The Margins of My Mortality


Dear Ms. Feverfew –

It’s been nearly a month since I last wrote, a month full of harrowing difficulties balanced with many mighty miracles. Piles and piles of miracles, in fact. I won’t bore you with the details, but I will say I am indeed grateful to be alive – ridiculously, amazingly, joyously, miraculously alive.

I am grateful the surgeon at UCLA was able to put me back together again. It turns out my case was the most difficult and complicated procedure of this kind he has ever worked on. Seeing as how he is the world’s leading expert in this procedure, that’s saying a lot. A LOT.  The first time I read through my surgical report was…well, I bawled my eyes out. There is no reason for me to have survived these past seven years, no reason other than divine providence and intervention. (And to think not only did I survive, but I earned a PhD AND had a Poppy during that time, too!!!! There is NO explanation for that other than God/Life/The Universe buoyed me up and strengthened me in ways I will never fathom.)

So what does any of this have to do with you? Not much, but everything at the same time. When I was finally out of ICU and told what had transpired, I was left to question what would have happened if I had bled out there in the OR as the mesh was peeled away from the uterine artery?  I mean, I know my family would have been devastated and I am pretty certain our children would have been the only thing that would have kept Jeff from falling into a deep depression, but what of you? Would you have been told? Would you even want to be told? I know Jeff would have sought you out to tell you of my passing, but would that be fair to you? Or would it have been better to let you discover something like this on your own terms, in due time? Would that be fair?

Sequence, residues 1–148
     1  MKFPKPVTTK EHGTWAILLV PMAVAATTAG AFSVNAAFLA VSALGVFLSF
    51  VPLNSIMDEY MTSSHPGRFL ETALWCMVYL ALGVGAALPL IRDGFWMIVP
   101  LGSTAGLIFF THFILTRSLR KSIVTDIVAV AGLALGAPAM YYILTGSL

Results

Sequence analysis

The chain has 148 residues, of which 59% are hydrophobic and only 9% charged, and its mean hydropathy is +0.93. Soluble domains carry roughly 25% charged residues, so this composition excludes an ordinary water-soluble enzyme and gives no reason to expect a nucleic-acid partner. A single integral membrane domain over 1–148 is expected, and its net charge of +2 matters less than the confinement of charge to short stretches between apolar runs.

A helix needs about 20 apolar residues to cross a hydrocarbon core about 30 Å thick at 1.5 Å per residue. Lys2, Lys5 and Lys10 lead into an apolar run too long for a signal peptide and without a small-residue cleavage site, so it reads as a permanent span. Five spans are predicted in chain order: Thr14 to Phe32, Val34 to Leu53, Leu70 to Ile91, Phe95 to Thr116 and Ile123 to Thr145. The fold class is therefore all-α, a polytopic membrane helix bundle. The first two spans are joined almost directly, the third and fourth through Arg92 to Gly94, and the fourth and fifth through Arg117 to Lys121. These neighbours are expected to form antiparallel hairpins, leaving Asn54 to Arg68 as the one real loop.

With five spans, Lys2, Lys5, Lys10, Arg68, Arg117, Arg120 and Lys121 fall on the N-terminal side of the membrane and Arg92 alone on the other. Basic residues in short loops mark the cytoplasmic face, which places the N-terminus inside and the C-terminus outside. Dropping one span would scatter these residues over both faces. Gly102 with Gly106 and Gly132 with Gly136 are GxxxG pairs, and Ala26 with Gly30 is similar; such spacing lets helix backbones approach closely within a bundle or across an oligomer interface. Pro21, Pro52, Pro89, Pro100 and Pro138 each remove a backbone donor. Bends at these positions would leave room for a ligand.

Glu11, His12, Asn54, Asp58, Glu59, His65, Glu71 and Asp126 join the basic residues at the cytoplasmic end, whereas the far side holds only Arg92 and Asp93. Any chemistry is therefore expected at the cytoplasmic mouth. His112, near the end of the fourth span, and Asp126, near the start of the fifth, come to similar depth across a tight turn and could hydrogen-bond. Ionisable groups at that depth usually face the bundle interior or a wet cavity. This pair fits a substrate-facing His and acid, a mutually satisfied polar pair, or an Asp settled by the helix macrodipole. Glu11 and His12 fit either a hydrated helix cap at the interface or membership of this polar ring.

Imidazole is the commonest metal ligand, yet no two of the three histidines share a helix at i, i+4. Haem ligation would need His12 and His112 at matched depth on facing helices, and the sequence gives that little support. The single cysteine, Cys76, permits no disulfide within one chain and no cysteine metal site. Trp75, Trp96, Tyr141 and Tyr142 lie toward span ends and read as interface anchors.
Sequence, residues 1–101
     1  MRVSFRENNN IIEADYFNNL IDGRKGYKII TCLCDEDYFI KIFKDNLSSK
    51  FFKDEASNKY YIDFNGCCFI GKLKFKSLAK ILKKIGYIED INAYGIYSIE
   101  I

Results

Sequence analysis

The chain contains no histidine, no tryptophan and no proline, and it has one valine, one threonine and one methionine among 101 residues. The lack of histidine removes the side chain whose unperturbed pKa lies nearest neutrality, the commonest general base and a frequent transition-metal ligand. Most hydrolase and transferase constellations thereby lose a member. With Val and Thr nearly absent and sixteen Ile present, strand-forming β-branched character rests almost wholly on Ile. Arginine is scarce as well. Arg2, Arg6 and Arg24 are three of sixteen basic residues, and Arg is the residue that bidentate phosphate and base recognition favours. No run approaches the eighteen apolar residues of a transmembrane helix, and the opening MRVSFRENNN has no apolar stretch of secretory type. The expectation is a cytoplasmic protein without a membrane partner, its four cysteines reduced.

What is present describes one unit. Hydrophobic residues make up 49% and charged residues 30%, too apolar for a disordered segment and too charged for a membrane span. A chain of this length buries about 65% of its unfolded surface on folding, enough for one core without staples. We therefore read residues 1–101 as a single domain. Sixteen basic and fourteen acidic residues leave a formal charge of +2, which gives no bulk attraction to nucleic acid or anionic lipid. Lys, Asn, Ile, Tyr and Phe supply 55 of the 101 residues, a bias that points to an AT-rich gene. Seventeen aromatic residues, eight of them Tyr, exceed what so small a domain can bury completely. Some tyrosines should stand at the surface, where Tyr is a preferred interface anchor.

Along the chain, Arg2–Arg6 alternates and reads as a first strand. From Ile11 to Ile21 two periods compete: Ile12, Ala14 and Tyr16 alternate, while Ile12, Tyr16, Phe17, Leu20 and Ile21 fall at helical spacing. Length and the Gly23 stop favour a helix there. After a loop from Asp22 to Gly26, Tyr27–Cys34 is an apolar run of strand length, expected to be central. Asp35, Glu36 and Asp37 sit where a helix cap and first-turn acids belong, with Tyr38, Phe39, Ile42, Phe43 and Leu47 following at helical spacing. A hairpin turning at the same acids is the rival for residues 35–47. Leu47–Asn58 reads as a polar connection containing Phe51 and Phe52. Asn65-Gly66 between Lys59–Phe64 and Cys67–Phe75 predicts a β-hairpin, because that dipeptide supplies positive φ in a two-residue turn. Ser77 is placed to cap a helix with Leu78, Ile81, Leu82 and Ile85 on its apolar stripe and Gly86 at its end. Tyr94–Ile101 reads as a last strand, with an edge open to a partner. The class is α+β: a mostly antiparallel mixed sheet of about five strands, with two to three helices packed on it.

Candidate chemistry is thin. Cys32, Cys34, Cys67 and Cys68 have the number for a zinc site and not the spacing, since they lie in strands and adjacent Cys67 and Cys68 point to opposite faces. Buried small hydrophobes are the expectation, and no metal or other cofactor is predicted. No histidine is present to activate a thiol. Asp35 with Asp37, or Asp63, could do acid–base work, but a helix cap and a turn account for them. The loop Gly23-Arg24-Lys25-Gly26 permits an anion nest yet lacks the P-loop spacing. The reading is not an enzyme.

These are the types of questions that lingered around my hospital bed while at UCLA. I’ve often contemplated what would happen if you were the one who passed away and whether I would be informed or not, but I had never thought about it from the other perspective before. At least not in this great of detail or for such a prolonged time period.

Confronting the margins of my mortality in such a dramatic fashion has caused a transmutation of my psyche and spirit. I am only beginning to unravel what it means. I am questioning and rethinking all I have known, all I thought I knew, and all I thought I wanted to know. As I have unpacked things thus far, these four things remain constant and unchanged: My love for my husband. My love for all four of my children, including you. My love for my extended family. My love for God/Life/The Universe.

Every thing else is up for debate.

Blessings –

M.

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